Chronic Constipation May Signify Higher Risk of Heart Disease
If you suffer from chronic constipation, see your cardiologist.
A study published online June 10, 2011, in the American Journal of Medicine found that older women with chronic constipation may have a higher risk of heart disease than women with regular bowel habits. Constipation was defined as fewer than three bowel movements a week.
Constipation does not cause heart disease. However, certain risk factors for heart disease appear to increase the risk of constipation. These include lack of fiber in the diet, insufficient exercise, high cholesterol and high blood pressure.
The study followed 73,000 postmenopausal women for up to a decade, noting their health and lifestyle habits. The 35 percent who were bothered by constipation were the most likely to develop atherosclerosis, suffer a heart attack or stroke or die of heart disease. Two percent of those who complained of severe constipation suffered a cardiovascular event every year, as compared with one percent of “regular” women.
While the authors did not draw any conclusions from the study, they did suggest that constipation may serve as a marker—a warning sign—for increased risk of heart disease. The good news is that simple measures such as adding more fiber to the diet in the form of fruits, vegetables and grains, drinking more water and getting more exercise—can help solve constipation and may lower heart risk in the process.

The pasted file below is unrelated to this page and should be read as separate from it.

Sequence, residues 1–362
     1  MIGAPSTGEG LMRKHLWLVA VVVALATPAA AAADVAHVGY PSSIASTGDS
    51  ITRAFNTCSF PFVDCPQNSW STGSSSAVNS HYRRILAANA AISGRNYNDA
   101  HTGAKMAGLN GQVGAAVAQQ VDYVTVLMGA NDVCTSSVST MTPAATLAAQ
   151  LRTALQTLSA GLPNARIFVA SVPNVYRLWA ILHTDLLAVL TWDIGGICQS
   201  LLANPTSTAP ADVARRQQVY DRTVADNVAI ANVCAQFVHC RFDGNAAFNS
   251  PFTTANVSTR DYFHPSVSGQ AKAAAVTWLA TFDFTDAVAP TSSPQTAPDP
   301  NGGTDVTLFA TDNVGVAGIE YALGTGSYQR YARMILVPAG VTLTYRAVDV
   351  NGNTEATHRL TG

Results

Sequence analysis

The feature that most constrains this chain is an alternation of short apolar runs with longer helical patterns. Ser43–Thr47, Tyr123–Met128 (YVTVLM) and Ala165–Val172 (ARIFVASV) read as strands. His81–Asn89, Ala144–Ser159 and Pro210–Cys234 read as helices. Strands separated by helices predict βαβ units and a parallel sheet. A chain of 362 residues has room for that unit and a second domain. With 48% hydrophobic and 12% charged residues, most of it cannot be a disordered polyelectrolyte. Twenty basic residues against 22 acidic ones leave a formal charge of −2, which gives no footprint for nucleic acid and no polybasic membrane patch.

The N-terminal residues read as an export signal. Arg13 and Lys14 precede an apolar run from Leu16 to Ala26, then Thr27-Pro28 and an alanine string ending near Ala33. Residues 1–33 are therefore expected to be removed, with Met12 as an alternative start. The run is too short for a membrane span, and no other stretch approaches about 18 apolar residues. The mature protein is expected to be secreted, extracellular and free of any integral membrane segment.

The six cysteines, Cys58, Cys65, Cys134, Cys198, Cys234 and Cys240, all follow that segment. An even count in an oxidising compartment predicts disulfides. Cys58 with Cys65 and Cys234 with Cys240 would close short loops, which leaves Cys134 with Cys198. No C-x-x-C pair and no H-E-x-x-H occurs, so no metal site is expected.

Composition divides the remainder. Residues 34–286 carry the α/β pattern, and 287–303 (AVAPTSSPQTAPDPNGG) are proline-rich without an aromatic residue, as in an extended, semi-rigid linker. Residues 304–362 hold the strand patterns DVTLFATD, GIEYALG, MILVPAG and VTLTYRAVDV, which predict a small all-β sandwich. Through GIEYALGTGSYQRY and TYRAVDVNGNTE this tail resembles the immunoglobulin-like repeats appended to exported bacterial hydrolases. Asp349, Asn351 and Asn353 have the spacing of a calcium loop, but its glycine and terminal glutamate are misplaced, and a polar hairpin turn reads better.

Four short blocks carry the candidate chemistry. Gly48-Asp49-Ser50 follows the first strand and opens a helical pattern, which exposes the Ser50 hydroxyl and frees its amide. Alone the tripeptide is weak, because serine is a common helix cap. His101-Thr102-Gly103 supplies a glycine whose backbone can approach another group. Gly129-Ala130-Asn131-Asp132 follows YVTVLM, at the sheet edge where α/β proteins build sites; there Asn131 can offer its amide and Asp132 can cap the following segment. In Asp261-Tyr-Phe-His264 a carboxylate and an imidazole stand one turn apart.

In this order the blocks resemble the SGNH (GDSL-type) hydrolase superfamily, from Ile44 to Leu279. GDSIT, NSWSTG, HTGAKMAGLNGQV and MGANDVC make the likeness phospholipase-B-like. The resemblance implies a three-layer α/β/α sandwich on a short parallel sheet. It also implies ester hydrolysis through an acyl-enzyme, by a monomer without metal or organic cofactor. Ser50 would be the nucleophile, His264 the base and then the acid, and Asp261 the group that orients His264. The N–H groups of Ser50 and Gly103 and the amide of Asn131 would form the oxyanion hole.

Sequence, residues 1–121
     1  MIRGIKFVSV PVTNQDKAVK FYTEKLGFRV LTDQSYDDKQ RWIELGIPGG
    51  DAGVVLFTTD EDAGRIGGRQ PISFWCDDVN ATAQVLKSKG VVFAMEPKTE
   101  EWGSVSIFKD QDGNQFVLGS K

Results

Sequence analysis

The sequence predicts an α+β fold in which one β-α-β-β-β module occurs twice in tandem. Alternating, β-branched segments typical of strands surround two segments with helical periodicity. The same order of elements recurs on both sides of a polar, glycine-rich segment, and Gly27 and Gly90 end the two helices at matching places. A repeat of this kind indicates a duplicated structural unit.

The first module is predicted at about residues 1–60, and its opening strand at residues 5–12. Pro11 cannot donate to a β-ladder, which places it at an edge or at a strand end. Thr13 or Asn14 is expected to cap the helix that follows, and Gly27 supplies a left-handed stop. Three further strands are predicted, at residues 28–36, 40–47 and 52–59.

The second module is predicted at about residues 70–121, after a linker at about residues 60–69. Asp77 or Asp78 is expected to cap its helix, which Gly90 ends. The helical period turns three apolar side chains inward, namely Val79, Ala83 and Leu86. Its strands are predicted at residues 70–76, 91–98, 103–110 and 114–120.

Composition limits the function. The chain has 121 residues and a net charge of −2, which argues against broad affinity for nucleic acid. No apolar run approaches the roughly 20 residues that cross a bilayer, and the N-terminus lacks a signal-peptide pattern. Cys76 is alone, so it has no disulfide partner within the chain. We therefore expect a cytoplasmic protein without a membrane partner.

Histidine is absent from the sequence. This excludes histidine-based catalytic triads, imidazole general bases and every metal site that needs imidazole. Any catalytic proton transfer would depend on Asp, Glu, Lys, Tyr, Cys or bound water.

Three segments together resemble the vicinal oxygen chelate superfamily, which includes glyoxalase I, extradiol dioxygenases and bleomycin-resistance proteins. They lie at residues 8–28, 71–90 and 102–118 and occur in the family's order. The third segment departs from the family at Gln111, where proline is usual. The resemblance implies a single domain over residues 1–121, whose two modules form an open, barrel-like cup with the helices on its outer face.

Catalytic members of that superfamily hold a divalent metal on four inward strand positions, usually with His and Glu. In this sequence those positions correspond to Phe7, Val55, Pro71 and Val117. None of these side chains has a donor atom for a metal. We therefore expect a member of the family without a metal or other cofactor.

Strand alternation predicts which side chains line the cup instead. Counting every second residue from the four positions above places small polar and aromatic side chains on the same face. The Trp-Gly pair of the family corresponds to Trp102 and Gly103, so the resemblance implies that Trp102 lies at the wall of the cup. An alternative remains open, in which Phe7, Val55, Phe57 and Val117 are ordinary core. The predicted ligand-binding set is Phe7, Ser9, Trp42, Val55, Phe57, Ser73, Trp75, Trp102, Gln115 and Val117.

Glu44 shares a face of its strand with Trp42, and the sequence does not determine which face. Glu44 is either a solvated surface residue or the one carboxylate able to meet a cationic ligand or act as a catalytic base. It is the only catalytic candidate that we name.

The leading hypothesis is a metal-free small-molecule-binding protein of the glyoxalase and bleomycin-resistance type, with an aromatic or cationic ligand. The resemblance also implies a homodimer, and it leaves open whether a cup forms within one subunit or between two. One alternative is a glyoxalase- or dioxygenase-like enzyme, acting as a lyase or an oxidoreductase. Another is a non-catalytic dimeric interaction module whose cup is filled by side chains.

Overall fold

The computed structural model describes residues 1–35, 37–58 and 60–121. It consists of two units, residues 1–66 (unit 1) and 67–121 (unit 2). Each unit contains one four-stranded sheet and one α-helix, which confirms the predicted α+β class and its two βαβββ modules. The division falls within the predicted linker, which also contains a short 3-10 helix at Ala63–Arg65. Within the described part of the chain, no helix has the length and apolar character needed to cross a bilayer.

Heart Disease In Women Proves Costly
Heart disease is the leading cause of death in women. It’s also the costliest to treat. According to the Agency for Healthcare Research and Quality (AHRQ), $43.6 billion was spent in 2008 treating women with heart disease, and more than half of this amount (52 percent) was paid by Medicare. The amount was $5.9 billion more than it cost to treat women with cancer, the second most expensive disease.
Although $43.6 billion is a staggering figure, it does not accurately reflect the cost of caring for women with heart disease. That’s because patients with heart disease frequently have diabetes, hypertension or hyperlipidemia, which were also among the top 10 most costly conditions. In fact, 29.5 million women in the U.S. have hypertension, which cost $25.9 billion that year to treat. Diabetes was not far behind at $23.2 billion.